As others have said, it's hard to give you an idea without a diagnostic test. If your baseline understanding is a 138, it's going to take longer to get a 165+. If it's a 157, you can probably get there after a month or two.

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Gail
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Re: October LSAT: If I study hard from now, is 168+ probable?

Postby Gail » Mon Dec 19, 2011 6:53 pm

Different people learn different ways. Some people learn better at a slow and gradual pace. Besides, conventional wisdom will say that the longer that you're familiar with something the better you'll be.

I think I suffered from not starting early ; I didn't have the luxury of "full time studying" for 3 or 4 months. I studied for 3 months, but probably only did about 6 hours a week.

akotran
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Re: October LSAT: If I study hard from now, is 168+ probable?

Postby akotran » Thu Dec 22, 2011 4:09 pm

Took my first diagnostic (December 2007).... 162 baby!!!!

one caveat: I went through the LG bible already, missed 6 on that section (frankly I wouldn't have been able to do any of it without the LGB) but have not done any drills beyond the couple problems that accompany each chapter. I'm positive I can totally ace this section by June.

There was one LR section where I was almost perfect (only missed one). I had between 3 and 7 minutes left by the time I finished each of my LR sections, and this is without studying any of the techniques for analyzing the questions, just going by intuition and some understanding of conditional reasoning (thanks to the LGB).

RC was a bitch and I missed 6. I see this as being the toughest to improve unless there is some discernable pattern to the question types.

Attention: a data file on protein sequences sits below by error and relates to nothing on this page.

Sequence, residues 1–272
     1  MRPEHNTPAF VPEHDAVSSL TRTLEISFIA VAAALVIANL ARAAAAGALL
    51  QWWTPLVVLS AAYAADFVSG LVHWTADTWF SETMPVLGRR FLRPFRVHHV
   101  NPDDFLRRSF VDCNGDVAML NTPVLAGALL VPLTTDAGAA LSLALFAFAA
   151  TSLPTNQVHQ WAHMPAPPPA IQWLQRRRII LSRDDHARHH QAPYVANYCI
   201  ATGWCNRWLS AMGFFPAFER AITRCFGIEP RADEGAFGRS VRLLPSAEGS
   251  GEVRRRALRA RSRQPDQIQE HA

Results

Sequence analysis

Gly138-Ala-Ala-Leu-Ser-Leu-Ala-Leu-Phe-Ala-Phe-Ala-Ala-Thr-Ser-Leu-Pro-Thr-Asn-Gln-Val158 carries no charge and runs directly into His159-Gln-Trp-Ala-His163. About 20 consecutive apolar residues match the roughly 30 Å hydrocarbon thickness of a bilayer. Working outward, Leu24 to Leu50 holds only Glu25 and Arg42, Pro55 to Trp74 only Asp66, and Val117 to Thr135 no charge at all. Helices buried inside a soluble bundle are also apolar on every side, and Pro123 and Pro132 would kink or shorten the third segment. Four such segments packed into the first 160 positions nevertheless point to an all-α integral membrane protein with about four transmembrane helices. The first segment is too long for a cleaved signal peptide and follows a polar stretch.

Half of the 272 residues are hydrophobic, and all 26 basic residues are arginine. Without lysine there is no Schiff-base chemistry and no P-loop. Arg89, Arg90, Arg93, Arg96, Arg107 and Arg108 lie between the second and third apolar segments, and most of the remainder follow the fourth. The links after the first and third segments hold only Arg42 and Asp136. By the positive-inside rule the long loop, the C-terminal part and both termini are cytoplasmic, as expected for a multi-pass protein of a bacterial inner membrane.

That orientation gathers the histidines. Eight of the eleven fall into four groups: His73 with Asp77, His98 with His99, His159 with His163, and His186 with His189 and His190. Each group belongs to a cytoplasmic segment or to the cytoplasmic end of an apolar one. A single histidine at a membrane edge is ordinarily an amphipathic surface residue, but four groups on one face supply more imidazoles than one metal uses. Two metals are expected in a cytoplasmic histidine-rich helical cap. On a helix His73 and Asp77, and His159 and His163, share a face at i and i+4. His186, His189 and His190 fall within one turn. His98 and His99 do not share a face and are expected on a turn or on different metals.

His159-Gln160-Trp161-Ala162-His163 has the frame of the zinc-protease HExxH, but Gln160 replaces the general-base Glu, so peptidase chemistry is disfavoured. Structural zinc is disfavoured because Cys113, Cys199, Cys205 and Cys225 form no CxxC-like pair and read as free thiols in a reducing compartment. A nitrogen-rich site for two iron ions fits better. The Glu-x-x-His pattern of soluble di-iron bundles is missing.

This was admittedly not a true cold diag but given that it is my first test (out of about 30 planned before June) I feel good about where I'm starting out.

bp shinners
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Re: October LSAT: If I study hard from now, is 168+ probable?

Postby bp shinners » Fri Dec 23, 2011 3:40 pm

akotran wrote:RC was a bitch and I missed 6. I see this as being the toughest to improve unless there is some discernable pattern to the question types.


There is. When you're reviewing an RC passage, make sure to notice which features of the passage are being asked about. While there are some obvious ones (main point, different viewpoints, author's attitude, etc...), there are also some subtle areas that aren't obvious at first.

For instance, whenever a 'traditional' or 'widely-held' belief is mentioned, chances are there's going to be a questions about it. If a passage ever says, "This argument depends on the fact that...", expect that assumption to come up. If you notice these, you'll start to see an improvement on RC.

Also, most of the questions are what we at Blueprint call "Soft Must Be True" questions - one's that say something like, "Which of the following viewpoints is the author most likely to agree with?" This question type likes weak answer choices in LR, and the same is true in RC. If you're stuck between a stronger and weaker answer choice, go with the weaker one unless you have a specific reason for going with the other (such as a sentence you can point out in the passage that uses very strong language).